Olympism, according to the Olympic Charter, combines sport with culture and education to create “a way of life” based on joy in effort, good example and respect.
Joy, sport, example, culture, respect. That’s what the Olympics are all about.
It’s the culmination of childhood dreams. It’s living four years at a time, and the realization of goals, hard work and love of sport.
And, yes, I am absolutely fascinated by it all.
I was nine years old when I watched the 1984 Olympics, a few weeks before I started fourth grade at Eugene Field Elementary.
Those games in Los Angeles are the first ones I can remember — Carl Lewis, running and jumping to four gold medals, the men’s gymnastics team winning gold, and of course, Mary Lou Retton’s perfect 10s.
Four years later in Seoul, I remember seeing Greg Louganis smack his head and then go on to win two gold medals.
The “Dream Team” of Michael Jordan, Magic Johnson and the gang hit the Olympics in 1992, beating teams by an average of over 43 points per game and easily taking the gold.
But it’s not just the athletes and their quest for gold that I love seeing — it’s also the stories.
Who could ever forget gymnast Kerri Strug at the 1996 Atlanta Olympics. With a broken ankle, she stuck the landing on her second vault that led the US team to the gold medal.
At the 2000 Olympics, three-time Olympics champion and wrestler, Aleksandr Karelin, had not lost a match in 13 years and hadn’t given up a single point in six years when he faced Rulon Gardner. The Wyoming cowboy was competing in only his second major international event and upset Karelin to win the gold.
Probably one of the greatest stories I’ve ever witnessed was also in those Sydney games, when I was nine months pregnant with my daughter, Hannah.
The story is that of Eric Moussambani of Equatorial Guinea, who had never seen a regulation-length swimming pool before arriving at the 2000 Olympics.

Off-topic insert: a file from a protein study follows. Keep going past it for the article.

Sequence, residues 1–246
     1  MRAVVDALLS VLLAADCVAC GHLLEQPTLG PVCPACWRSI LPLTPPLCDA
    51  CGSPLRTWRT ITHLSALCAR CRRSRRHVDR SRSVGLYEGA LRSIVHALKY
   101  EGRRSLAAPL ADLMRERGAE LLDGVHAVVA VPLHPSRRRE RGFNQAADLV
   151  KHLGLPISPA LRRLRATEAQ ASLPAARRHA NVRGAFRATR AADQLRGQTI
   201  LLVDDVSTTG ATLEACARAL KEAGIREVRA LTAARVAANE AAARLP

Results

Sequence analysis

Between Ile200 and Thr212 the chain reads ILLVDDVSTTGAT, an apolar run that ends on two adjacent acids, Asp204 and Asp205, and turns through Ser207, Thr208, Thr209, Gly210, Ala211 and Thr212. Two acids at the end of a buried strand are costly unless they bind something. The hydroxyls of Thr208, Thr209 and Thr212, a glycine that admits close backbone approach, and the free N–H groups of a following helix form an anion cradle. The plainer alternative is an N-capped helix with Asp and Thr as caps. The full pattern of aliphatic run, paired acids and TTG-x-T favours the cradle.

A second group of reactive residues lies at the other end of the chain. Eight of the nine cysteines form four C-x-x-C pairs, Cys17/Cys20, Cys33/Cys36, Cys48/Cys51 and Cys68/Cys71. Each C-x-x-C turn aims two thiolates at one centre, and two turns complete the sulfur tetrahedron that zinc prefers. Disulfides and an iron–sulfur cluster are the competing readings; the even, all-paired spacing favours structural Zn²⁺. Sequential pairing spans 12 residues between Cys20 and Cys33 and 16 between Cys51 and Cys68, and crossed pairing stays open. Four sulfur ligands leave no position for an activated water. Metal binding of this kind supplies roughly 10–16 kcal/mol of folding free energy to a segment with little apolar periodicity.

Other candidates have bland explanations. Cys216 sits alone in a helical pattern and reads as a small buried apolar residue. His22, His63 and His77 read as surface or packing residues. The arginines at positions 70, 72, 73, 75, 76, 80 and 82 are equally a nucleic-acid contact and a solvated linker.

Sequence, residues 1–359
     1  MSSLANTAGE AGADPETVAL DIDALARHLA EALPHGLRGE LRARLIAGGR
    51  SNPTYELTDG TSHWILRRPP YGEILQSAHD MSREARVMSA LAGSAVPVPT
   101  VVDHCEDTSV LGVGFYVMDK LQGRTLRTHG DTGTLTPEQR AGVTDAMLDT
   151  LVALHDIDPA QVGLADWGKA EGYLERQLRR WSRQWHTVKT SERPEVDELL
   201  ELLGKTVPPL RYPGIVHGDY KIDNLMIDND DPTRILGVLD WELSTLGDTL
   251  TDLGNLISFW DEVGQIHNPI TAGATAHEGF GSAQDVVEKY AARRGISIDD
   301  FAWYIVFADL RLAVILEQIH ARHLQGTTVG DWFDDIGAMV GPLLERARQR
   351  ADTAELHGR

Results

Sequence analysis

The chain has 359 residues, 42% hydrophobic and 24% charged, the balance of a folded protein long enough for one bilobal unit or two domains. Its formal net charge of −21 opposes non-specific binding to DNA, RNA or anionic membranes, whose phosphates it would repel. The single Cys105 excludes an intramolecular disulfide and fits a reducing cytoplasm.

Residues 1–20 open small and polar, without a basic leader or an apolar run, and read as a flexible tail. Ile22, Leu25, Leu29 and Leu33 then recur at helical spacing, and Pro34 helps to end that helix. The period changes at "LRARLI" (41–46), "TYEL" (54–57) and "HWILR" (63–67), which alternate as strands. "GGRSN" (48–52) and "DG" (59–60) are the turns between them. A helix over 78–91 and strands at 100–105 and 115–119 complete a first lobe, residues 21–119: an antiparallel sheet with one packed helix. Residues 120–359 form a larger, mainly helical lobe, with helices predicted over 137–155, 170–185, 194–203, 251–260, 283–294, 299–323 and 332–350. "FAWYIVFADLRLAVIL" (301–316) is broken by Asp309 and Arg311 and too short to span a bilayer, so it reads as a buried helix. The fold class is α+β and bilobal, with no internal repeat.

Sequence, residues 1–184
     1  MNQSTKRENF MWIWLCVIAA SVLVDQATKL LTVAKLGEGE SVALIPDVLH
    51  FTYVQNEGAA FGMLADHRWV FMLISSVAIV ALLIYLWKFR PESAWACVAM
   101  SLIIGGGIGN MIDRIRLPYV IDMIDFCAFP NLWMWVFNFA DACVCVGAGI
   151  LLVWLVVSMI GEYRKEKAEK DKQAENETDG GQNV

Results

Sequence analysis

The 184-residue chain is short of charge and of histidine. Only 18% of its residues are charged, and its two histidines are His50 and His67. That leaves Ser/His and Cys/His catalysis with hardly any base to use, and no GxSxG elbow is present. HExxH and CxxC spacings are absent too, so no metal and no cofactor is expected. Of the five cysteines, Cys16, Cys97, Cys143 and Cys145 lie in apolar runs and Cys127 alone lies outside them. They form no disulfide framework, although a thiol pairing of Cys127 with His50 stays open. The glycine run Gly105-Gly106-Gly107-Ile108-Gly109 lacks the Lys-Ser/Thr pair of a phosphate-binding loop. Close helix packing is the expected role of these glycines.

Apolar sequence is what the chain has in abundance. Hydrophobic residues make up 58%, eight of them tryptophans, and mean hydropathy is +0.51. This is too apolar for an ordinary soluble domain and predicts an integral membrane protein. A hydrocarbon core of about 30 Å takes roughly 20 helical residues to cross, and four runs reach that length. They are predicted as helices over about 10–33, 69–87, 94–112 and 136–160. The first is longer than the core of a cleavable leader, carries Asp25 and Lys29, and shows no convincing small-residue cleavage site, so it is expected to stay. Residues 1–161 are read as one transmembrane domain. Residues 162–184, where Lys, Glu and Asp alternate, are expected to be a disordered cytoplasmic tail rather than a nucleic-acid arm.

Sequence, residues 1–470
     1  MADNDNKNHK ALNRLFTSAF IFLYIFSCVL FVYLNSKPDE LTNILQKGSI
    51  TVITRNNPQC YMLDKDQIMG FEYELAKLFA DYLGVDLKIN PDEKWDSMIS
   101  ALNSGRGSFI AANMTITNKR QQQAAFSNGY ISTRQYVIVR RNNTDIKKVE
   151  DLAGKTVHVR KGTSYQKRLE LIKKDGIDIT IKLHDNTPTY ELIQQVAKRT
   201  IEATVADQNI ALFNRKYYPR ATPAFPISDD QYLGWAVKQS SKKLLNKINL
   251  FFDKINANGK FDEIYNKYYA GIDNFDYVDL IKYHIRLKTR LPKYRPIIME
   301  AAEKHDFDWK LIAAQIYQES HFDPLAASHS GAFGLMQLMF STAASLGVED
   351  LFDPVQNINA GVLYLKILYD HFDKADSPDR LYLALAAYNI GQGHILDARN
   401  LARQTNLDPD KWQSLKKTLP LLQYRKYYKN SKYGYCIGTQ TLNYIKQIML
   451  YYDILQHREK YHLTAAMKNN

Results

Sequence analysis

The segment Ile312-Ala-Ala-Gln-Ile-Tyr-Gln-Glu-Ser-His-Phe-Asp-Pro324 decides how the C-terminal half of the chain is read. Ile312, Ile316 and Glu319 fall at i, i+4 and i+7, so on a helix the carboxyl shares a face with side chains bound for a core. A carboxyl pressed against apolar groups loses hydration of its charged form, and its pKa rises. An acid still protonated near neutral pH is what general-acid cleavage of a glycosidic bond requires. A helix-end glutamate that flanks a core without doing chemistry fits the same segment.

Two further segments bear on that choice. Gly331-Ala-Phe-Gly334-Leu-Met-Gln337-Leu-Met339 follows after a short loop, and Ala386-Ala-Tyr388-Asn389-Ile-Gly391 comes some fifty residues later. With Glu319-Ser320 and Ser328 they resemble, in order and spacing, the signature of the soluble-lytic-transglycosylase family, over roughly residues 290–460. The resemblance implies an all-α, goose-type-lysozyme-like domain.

In fact, he had only been swimming competitively for nine months.
When his preliminary 100m freestyle race was about to begin, the only other two athletes in his heat were disqualified, leaving Moussambani to swim alone.
His time of 1.52.72 is one of the slowest in Olympic history, but as he swam, and as he struggled to finish, the spectators surrounding the pool rose to encourage him. They cheered as if he was one of their own.
Eight years later, I still get emotional when I think about Moussambani.
The 2008 Olympics in Beijing are making history, just as each one has done before.
And while there has been much controversy surrounding these games because of China and their government, the games, for me, are still simply about the athletes, their countries and the world coming together.
My daughter, born during those games eight years ago, has found a similar passion in watching the Olympics. We have enjoyed watching and discussing gymnastics, diving, water polo, volleyball and the likes, loving Michael Phelps and his great teammates, Dara Torres, Nastia Liukin, Shawn Johnson, etc., etc., etc.
The Olympics not only bring the world together, but also families.
Good thing, though, that they only come around every couple of years. The boys might kick Hannah and me out of the house…we’re a little obsessed.